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[355] sphere, and he who would single out in the country
chap. XIX.} 1765 Nov.
the region, where at that time the fire of patriotism burned with the purest flame, can find none surpassing the county of New London. The royalists of New-York, like Bernard, at Boston, railed at all Connecticut as a land of republicans, and maligned Yale College, as ‘a seminary of democracy,’ the prolific mother of patriots1

In New-York, ‘the whole city rose up as one man in opposition to the Stamp Act.’ The sailors came from their shipping; ‘the people flocked in,’ as Gage thought, ‘by thousands; the number seemed to be still increasing;’ and the leader of the popular tumult was Isaac Sears, the self-constituted, and for ten years, the recognised head of the people of New-York. At the corners of streets, at the doors of the public offices, placards threatened all who should receive or deliver a stamp, or delay business for the want of one.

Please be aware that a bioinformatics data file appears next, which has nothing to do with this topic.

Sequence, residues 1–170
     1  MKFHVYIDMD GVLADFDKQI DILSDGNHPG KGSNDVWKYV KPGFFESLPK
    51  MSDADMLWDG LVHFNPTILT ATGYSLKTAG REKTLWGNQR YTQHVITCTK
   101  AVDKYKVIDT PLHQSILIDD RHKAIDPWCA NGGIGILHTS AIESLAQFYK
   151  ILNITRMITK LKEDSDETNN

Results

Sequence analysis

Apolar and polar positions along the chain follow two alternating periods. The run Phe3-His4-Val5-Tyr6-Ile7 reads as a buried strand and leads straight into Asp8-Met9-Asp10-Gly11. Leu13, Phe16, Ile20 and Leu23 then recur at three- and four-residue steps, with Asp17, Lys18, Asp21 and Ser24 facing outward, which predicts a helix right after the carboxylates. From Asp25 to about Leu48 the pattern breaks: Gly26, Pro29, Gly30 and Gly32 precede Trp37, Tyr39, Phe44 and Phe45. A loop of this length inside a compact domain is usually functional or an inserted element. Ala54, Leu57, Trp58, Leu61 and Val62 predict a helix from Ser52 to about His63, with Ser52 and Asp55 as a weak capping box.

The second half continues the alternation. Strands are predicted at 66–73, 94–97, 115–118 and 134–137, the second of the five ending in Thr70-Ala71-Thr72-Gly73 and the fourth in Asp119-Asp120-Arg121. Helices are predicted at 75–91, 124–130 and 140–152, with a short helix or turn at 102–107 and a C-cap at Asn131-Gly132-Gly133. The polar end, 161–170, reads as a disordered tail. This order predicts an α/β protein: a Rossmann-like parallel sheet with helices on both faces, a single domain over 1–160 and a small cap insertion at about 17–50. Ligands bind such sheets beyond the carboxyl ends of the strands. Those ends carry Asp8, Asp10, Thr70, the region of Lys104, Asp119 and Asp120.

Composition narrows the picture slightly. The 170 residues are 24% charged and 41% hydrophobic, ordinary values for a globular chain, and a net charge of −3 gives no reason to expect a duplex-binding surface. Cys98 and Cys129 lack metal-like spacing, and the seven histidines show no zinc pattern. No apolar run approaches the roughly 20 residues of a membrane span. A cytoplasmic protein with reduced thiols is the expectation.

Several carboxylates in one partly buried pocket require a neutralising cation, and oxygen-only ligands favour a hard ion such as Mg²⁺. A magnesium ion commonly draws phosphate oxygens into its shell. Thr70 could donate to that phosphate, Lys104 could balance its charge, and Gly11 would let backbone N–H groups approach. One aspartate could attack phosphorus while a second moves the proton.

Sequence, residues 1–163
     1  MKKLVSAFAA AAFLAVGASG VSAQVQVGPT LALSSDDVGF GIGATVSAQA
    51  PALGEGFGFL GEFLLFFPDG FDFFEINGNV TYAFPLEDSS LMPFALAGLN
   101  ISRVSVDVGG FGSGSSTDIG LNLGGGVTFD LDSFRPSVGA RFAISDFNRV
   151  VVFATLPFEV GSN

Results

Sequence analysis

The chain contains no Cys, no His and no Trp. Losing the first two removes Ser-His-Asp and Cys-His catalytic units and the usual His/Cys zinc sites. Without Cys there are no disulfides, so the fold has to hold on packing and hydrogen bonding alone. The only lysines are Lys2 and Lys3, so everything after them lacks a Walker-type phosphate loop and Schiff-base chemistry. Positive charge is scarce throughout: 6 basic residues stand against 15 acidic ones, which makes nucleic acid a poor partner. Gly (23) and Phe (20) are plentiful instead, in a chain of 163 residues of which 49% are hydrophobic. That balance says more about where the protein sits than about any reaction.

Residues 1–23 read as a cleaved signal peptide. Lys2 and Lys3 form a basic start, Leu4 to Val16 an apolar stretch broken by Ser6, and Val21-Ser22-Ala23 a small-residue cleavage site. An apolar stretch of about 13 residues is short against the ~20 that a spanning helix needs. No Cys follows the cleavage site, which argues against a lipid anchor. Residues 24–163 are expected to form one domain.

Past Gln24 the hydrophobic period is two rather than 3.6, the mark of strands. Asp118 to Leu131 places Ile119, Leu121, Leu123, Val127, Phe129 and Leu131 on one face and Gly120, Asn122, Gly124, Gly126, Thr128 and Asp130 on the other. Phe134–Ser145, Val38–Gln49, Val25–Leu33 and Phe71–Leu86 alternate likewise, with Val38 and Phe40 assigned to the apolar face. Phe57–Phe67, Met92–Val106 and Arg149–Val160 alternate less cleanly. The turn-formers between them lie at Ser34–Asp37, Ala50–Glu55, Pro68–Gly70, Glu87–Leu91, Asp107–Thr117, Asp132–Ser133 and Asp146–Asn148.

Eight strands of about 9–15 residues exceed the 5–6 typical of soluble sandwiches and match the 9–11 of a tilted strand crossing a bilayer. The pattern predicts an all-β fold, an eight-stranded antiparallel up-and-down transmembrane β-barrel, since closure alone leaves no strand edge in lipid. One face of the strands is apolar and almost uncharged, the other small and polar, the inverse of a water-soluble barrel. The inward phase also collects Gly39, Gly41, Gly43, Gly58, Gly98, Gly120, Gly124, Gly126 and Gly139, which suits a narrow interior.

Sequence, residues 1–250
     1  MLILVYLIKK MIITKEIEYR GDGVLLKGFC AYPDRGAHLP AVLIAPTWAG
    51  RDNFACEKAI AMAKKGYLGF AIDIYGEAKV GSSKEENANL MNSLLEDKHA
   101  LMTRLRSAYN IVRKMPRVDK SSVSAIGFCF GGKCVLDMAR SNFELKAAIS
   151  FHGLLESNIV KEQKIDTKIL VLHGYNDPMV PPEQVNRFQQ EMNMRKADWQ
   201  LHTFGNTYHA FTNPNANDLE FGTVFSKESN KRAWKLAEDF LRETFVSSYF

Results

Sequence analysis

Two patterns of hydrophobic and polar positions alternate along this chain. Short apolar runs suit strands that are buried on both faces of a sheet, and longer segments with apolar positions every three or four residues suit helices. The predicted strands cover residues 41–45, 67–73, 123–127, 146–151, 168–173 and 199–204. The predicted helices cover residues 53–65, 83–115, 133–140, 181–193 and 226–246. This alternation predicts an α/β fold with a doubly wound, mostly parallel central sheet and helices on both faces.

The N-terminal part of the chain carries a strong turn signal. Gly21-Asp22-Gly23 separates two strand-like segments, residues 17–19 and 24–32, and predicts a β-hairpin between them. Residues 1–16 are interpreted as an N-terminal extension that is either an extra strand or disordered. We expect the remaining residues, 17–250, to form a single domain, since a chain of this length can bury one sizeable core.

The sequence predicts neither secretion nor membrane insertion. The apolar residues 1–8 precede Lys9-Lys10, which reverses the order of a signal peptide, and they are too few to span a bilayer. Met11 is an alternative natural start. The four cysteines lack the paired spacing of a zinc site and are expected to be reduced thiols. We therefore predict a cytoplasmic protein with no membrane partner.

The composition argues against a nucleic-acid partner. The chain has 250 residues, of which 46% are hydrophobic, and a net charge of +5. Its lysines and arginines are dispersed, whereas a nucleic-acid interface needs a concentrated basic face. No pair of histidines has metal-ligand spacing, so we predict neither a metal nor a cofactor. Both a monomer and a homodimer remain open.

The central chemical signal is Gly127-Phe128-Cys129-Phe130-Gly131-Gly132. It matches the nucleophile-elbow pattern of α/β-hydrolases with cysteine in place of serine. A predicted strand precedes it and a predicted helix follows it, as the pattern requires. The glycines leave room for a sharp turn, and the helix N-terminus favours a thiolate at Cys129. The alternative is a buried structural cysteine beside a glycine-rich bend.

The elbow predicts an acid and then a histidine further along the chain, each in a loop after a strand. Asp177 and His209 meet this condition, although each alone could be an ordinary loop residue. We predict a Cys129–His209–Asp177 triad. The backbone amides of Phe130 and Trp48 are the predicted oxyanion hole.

Colden himself retired within the fort, and got from the Coventry ship of war a detachment of marines. He would have fired on the people, but was menaced with being hanged like Porteus of Edinburgh,2 upon a sign-post, if he did so. In the evening a vast torchlight procession, carrying a scaffold and two images, one of the Governor, the other of the devil, came from the Fields, now the Park, down Broadway, to within ten or eight feet of the fort, knocked at its gate, broke open the Governor's coach-house, took out his chariot, carried the images upon it round town, and returned

1 ‘The pretended patriots, educated in a seminary of Democracy.’ Gage to Sir W. Johnson, 20 Sept. 1765.

2 Paper delivered at the fort gate by an unknown land, 1 Nov. 1765.

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